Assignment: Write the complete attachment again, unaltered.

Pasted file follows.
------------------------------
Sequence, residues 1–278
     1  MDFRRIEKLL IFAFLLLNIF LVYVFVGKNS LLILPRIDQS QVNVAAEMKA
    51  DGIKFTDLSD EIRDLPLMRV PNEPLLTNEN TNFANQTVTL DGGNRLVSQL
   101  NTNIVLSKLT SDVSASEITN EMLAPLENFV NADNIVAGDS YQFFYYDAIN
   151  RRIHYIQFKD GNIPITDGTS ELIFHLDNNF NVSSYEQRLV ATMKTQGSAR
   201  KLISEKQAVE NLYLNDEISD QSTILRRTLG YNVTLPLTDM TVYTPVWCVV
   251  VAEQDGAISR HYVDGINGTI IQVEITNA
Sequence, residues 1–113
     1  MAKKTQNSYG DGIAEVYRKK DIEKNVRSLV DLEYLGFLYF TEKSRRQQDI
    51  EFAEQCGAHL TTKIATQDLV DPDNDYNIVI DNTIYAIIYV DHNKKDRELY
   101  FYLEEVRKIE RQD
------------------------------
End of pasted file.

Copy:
Sequence, residues 1–278
     1  MDFRRIEKLL IFAFLLLNIF LVYVFVGKNS LLILPRIDQS QVNVAAEMKA
    51  DGIKFTDLSD EIRDLPLMRV PNEPLLTNEN TNFANQTVTL DGGNRLVSQL
   101  NTNIVLSKLT SDVSASEITN EMLAPLENFV NADNIVAGDS YQFFYYDAIN
   151  RRIHYIQFKD GNIPITDGTS ELIFHLDNNF NVSSYEQRLV ATMKTQGSAR
   201  KLISEKQAVE NLYLNDEISD QSTILRRTLG YNVTLPLTDM TVYTPVWCVV
   251  VAEQDGAISR HYVDGINGTI IQVEITNA
Sequence, residues 1–113
     1  MAKKTQNSYG DGIAEVYRKK DIEKNVRSLV DLEYLGFLYF TEKSRRQQDI
    51  EFAEQCGAHL TTKIATQDLV DPDNDYNIVI DNTIYAIIYV DHNKKDRELY
   101  FYLEEVRKIE RQD